Thursday, April 24, 2014

Middlesex



So much reading, so little time. I’m going on vacation tomorrow, and I am so excited. Not just because I’ll have some time off, but because – as part of the vacation – I will have a few days when I can just read. I’m hoping that I can get caught up on my schedule over vacation, because things are not going to get easier once I get back to real life.

At least I’m barreling full speed ahead with my blog posts. Three in two weeks sure isn’t shabby, and with this post I finally get to break away from the negativity that plagued my last two submissions to the Project 84 oeuvre.

With that in mind, book 17 of Project 84 is:


Middlesex

Middlesex
by Jeffrey Eugenides

Here’s something you haven’t heard me say in a while:

I loved this book.

Middlesex is another (the 3rd, for those keeping track) of those books that has sat on my bookshelf for years and I have “always meant to read”. This time I can at least trace the source. My mother gave it to me in college, swearing that I would love it. It sat gathering dust for years until I finally picked it up.

And a phrase I’ve said more and more in my adult life comes to mind: my mother was right.

Middlesex is one of the longer books I have read and plan to read in Project 84, clocking in around 530 pages, and the plot synopsis is a little tough. But here goes.  Middlesex is told through the eyes of Cal, a young Greek-American man living in Germany. We learn quickly that Cal was born Calliope, but had intersex characteristics that were not identified until his teens.

But the story starts long before that. Our narrator, Cal, tells the story of his grandparents – Lefty and Desdemona – who escaped from Greece during the Great Fire of Smyrna and came to America. They were married at sea, and hid a secret: Lefty and Desdemona were brother and sister. The novel goes on to tell the story of their lives in America with a cousin, Lina.

Cal continues on to the next generation – and the marriage of his parents, Milton (Lefty and Desdemona’s son) and Tessie (Lina’s daughter). It is the intermarrying that, ultimately, led to a recessive condition manifesting itself in Cal, the offspring of cousins Milton and Tessie. The book becomes the story of Cal’s self-discovery, and his struggles with both sexuality and identity.

This book was a masterpiece, and I don’t know why I was surprised. Everyone I’ve spoken to who read Middlesex has loved it. It reads almost like an epic, and there’s a traditional beauty in that which I responded to. I went through to find quotes that I could use from this book, but, honestly, just read it. The beauty of the book is not in specific passages, but in the narrative as a whole. It was almost like an impressionist painting, where the details, the characters, the imagery, and the emotion all come together to create something amazing.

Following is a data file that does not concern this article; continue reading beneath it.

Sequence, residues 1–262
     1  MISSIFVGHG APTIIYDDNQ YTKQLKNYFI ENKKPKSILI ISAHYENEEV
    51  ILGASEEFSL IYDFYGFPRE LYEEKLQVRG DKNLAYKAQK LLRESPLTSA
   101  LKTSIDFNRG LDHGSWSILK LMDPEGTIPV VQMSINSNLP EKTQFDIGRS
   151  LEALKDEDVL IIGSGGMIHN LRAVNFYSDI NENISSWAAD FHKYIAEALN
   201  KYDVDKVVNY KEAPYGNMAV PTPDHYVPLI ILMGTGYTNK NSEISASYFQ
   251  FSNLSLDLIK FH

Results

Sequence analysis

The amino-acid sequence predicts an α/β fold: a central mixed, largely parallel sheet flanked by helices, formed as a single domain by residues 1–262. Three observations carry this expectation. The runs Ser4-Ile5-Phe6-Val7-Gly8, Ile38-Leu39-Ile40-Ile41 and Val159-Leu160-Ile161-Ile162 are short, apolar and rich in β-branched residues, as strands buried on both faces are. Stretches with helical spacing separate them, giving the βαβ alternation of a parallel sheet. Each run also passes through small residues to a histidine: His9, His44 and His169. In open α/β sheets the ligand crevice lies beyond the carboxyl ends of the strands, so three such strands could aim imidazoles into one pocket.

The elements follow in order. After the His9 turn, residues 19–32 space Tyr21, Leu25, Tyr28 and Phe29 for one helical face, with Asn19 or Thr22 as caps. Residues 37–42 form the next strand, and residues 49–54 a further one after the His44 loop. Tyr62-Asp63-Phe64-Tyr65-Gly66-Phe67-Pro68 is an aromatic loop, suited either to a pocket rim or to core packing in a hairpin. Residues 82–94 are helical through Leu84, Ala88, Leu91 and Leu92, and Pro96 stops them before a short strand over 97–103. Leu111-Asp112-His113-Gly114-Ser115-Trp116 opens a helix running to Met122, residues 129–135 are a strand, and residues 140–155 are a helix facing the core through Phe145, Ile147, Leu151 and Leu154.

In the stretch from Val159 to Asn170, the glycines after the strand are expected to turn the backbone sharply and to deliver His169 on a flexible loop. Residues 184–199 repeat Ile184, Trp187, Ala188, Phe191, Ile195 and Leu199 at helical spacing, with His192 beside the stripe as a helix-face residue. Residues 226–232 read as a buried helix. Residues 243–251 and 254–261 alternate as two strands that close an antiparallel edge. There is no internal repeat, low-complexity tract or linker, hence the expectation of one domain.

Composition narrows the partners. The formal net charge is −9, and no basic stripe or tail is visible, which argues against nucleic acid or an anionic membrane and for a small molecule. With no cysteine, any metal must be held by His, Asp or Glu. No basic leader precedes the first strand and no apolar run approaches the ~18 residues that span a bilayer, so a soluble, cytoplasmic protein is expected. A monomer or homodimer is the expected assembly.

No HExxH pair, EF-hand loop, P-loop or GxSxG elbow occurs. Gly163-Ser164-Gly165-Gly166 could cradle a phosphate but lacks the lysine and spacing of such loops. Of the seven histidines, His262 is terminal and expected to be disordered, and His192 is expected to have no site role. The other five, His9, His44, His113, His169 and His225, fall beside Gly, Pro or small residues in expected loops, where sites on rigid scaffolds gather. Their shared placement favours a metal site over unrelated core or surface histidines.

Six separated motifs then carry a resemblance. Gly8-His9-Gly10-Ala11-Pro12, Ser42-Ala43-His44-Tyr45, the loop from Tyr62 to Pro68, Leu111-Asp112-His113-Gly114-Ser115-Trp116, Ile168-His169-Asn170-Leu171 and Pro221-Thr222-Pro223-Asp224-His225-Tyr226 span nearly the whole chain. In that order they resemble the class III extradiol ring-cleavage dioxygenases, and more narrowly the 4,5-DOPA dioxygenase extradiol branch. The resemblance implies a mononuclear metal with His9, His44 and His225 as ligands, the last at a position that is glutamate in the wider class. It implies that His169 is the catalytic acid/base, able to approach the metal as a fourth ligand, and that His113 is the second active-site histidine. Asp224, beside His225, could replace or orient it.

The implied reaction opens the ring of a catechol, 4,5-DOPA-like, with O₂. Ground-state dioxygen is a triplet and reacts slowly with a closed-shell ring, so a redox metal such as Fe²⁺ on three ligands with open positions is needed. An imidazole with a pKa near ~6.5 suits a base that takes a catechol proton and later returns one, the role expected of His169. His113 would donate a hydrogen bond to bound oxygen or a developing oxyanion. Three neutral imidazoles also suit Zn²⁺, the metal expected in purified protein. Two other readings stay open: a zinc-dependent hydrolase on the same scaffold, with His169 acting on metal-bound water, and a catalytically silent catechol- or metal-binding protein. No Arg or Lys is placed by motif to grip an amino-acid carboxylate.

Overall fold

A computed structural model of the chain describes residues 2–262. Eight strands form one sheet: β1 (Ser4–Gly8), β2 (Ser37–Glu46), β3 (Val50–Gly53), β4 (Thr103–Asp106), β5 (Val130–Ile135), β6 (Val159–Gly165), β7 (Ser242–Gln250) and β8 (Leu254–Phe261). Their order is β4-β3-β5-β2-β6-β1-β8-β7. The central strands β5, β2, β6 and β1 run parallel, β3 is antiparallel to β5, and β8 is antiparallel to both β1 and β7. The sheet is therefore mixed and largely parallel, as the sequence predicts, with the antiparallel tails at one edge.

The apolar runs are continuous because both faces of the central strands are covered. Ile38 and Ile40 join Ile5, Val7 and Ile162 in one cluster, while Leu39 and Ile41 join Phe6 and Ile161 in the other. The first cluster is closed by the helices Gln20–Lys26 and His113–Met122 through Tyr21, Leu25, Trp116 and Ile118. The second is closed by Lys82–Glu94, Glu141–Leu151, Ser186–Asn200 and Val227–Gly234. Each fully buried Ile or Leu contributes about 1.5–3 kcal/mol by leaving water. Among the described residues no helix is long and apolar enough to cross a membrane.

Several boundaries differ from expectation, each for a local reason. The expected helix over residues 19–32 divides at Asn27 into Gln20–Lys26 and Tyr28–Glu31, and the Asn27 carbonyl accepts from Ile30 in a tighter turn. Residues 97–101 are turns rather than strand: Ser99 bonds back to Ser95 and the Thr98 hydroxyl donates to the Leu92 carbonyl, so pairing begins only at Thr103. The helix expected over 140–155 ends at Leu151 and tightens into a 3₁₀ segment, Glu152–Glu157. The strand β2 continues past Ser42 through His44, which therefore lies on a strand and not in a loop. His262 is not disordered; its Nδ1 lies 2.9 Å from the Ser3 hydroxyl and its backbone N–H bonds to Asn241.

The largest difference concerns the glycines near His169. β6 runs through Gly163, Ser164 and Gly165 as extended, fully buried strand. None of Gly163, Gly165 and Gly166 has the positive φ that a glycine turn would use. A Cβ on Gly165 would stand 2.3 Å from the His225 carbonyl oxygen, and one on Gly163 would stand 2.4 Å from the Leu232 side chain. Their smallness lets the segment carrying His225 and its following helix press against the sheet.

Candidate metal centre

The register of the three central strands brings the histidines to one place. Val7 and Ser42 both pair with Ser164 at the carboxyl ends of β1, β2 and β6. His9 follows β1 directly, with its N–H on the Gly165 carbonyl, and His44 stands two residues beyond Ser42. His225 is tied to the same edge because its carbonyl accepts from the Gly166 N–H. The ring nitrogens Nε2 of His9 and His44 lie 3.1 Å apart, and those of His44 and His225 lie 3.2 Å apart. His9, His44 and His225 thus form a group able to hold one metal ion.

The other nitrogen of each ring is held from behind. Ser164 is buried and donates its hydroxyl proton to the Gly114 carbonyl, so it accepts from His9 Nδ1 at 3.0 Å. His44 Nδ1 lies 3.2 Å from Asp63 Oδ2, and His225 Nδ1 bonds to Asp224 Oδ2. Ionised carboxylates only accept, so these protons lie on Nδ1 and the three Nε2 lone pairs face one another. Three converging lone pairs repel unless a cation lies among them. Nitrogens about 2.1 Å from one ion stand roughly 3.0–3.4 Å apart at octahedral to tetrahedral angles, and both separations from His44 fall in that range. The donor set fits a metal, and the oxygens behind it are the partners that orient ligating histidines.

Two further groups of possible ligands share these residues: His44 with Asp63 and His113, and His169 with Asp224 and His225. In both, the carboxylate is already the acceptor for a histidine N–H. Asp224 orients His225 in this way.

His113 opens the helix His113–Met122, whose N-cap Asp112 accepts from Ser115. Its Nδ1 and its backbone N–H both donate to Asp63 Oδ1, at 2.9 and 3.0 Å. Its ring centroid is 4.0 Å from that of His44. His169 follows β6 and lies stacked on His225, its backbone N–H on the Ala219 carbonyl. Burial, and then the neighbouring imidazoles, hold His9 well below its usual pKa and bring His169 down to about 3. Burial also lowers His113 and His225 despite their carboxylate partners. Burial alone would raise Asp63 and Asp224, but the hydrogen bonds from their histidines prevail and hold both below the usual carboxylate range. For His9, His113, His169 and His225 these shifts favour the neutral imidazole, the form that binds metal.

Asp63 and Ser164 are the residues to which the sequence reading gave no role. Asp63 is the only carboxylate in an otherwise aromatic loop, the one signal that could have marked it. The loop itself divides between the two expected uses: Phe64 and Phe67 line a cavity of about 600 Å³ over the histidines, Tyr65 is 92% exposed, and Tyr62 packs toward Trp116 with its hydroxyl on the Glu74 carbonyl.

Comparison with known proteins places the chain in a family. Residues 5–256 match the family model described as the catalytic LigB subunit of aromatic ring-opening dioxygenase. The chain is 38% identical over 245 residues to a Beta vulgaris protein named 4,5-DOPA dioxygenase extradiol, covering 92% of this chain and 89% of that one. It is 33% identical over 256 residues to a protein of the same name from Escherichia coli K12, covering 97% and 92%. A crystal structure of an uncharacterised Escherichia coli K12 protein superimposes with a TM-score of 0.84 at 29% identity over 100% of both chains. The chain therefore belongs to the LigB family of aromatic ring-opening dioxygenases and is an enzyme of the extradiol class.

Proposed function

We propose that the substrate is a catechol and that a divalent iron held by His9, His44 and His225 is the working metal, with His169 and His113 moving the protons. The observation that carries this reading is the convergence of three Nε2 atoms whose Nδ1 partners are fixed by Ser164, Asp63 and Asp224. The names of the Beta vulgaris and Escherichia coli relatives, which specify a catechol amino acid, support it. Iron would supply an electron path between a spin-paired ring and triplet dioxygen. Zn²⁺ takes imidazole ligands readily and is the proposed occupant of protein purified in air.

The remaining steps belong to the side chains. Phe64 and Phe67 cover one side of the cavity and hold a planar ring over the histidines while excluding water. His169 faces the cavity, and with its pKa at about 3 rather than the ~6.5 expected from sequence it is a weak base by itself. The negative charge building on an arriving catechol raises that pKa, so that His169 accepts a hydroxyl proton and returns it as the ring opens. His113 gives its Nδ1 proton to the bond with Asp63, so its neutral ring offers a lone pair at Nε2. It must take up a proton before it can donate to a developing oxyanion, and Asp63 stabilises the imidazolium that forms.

The detail in this book was particularly captivating. As I mentioned, it was a 530 page book, which is on the longer end of the books I’ve been attacking for Project 84, but I was barely affected by the length. I read Infinite Jest last year, and it felt interminable. I flew through Middlesex, and I think It has a lot to do with how fascinated I was by the characters and the story.

Like I said before, the book is almost comparable to an “epic”, which is fitting with the Greek characters. The narrative chronicles 3 generations of a family, and takes place over 90 years, so the number of characters you’re expected to follow is more than in a typical book. And yet Eugenides somehow manages to create a world where you become emotionally invested in just about everyone you meet, and the “epic” turns into a character-based narrative, which created that “lost in a book” feeling.

Ultimately, the main theme of the book is identity. It’s about finding your place in the world, deciding who you are, and also how biology, genetics, and upbringing play in to who you become as an adult. Cal is a flawed character – but a beautifully flawed character, and through the 90 years of his story we are able to discover exactly why he has become that way, without removing his personal responsibility for his life.

I know so many people read this book when it first came out in 2002, but if you’re one of the people (like me) who missed it, I can’t recommend it enough. It was an easy read, and yet literary and deep. It made me think, but also entertained me, and it was the type of book that you can “get lost in”, which, for me, is all I really need in a novel.

***
See, I do remember how to like books. It’s not all negative! The next one is actually another positive, somewhat glowing review, so get off my case. (For the record…no one has been on my case ;) ). I’m 3 away from the 20 review mark, and I’m feeling great about how much reading I have gotten done, and am optimistic about catching up over vacation.

Thanks for reading!!

Next Review: Bright Lights, Big City by Jay McInerny (Estimated Posting Date: Tuesday, April 29th)




**All quotes and annotations refer to this version of Middlesex, published by Picador in 2007**

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